Rugby means more to 14-year-old Georgia Tayler than it does for most others.

Having been diagnosed with acute lymphoblastic leukaemia at the age of nine, Georgia has battled through years of treatment and is now using rugby to help her recovery.

“I didn’t want to be treated differently”

After being diagnosed just after her ninth birthday, Georgia spent almost two years in a wheelchair while undergoing chemotherapy and as a result of her treatment she suffered a stroke affecting movement on the right side of her body.

“All through my treatment I enjoyed watching rugby but due to my condition never imagined that one day I would be able to play,” says Georgia.

“As soon as I started playing I loved it. I wanted to prove to myself and others that I could do it, I wanted to defy stereotypes.”

“I couldn’t think of a life without rugby”

As soon as Georgia was told she was in remission she started to focus on getting fit, and soon decided to give rugby a try at Paignton RFC in Devon.

“To begin with I was nervous but the more I played the more confident I got. The support from everyone at the club as well as my teammates was brilliant.”

In her first season Georgia was made captain and was subsequently called up to the Devon County squad and while her improvement as a player means a lot to her, Georgia says rugby has helped more than just her fitness.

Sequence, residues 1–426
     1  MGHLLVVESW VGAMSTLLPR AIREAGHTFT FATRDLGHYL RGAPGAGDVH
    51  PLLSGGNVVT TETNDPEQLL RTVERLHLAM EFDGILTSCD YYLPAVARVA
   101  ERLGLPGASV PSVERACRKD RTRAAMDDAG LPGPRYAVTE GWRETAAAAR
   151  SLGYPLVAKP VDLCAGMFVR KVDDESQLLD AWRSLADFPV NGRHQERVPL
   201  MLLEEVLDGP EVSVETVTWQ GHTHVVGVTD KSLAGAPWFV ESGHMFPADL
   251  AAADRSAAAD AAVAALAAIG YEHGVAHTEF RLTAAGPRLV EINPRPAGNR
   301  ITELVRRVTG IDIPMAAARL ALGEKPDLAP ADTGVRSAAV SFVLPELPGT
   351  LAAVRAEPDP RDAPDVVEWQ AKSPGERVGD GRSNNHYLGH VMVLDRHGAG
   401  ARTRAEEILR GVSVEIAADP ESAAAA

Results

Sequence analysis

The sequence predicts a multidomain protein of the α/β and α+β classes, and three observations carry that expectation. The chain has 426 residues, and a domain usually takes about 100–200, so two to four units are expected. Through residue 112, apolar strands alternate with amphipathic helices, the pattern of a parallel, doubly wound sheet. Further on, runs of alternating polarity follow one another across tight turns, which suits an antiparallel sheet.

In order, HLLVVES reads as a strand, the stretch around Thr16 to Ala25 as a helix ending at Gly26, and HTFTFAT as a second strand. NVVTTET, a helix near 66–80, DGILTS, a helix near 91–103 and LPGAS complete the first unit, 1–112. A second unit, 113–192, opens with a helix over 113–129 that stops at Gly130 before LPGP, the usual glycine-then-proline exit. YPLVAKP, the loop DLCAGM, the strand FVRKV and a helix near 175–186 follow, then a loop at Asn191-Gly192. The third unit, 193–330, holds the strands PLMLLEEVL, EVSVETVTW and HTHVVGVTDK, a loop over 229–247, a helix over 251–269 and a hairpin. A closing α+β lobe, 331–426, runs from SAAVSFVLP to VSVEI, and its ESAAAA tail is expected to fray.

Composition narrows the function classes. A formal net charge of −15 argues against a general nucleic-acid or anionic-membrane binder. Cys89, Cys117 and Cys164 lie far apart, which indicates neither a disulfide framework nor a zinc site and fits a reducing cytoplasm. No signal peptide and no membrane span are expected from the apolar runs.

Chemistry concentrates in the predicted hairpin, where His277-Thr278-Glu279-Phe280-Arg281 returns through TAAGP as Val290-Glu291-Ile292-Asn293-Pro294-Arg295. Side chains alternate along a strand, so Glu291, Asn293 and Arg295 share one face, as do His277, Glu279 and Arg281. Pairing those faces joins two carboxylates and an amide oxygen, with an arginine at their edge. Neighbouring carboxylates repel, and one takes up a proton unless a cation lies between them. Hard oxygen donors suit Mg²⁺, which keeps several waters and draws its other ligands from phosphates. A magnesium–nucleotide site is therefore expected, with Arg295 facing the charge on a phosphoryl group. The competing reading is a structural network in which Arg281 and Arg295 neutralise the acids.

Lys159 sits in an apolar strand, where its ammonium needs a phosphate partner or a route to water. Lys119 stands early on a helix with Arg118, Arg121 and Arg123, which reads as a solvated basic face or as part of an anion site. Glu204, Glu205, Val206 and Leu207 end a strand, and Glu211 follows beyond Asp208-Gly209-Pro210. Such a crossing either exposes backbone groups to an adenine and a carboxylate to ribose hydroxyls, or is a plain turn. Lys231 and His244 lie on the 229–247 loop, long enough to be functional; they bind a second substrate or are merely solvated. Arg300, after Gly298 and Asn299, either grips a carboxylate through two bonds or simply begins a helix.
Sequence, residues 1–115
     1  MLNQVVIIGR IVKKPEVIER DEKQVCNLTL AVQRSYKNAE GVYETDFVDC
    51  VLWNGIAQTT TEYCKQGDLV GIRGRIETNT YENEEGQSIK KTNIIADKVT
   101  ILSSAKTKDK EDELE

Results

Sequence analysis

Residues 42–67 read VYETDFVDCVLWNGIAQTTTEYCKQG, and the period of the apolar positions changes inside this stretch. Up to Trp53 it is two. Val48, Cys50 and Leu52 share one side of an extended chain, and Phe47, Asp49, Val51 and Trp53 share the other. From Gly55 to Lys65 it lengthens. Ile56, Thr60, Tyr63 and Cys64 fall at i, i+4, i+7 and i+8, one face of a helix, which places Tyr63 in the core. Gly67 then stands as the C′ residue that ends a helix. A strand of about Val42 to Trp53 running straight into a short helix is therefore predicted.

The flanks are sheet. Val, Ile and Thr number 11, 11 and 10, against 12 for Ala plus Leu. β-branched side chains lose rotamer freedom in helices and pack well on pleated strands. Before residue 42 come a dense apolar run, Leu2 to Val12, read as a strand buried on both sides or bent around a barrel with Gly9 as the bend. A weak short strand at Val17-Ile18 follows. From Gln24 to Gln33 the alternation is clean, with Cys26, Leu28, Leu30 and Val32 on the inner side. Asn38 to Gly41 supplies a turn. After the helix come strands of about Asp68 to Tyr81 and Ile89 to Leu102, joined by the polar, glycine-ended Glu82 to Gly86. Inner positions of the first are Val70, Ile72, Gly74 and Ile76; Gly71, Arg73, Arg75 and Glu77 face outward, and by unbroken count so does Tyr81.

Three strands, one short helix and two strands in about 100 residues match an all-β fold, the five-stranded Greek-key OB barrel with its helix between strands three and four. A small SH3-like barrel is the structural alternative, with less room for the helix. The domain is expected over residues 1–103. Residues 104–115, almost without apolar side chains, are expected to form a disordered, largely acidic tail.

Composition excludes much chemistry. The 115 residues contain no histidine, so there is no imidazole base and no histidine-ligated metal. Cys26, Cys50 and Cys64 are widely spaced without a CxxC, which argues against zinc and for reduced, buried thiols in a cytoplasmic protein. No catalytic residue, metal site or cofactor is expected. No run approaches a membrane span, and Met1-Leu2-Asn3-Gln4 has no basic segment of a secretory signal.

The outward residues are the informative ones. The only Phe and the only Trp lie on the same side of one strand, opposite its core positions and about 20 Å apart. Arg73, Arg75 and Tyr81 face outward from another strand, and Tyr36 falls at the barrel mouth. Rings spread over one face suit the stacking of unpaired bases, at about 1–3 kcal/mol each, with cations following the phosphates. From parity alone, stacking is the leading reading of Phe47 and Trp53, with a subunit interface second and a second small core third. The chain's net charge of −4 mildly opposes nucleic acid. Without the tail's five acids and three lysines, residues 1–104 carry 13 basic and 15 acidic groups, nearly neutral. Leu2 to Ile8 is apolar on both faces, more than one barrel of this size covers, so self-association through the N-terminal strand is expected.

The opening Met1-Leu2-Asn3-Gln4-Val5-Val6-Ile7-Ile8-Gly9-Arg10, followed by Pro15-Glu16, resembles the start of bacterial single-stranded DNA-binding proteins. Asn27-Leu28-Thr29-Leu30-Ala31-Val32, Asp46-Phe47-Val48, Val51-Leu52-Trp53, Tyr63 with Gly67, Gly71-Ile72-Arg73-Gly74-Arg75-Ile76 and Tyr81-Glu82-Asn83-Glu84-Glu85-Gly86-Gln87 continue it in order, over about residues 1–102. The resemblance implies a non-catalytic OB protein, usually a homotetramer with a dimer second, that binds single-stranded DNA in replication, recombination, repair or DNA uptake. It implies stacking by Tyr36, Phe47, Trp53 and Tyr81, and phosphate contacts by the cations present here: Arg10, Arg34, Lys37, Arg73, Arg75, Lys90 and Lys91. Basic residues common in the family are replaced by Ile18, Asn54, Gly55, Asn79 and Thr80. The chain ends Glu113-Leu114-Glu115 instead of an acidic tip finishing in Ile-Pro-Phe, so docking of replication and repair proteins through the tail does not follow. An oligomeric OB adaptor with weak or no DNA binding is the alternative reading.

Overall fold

“It helped me so much with my confidence and self-esteem. I didn’t want to be treated differently and everyone was so welcoming.

“If it wasn’t for the support of the club and my teammates I wouldn’t be where I am now.

“From where I was I could never imagine being where I am today but now I couldn’t think of a life without rugby.”

“I’m so proud of her”

Georgia is now three years in remission and her progress on and off the pitch in that time has astonished those close to her.

“I’m really proud of her,” says Georgia’s mum Heidi. “There were parts of her life when I didn’t think she was going to live.

“Rugby is everything to her now, she has such a strong bond with her teammates. It is beyond words to describe how far she has come.”

And Georgia’s involvement at Paignton has also inspired others in her family to get involved with her sister now also playing while her mum Heidi is a team manager of the U15s.

But Georgia doesn’t consider herself a role model and is herself inspired by those at the top of the game.

“I am proud of how far I’ve come but I don’t want to think of myself as any different to my teammates.

“For me it’s really important to have role models like the Red Roses, I look up to them and they inspire me to want to continue playing.”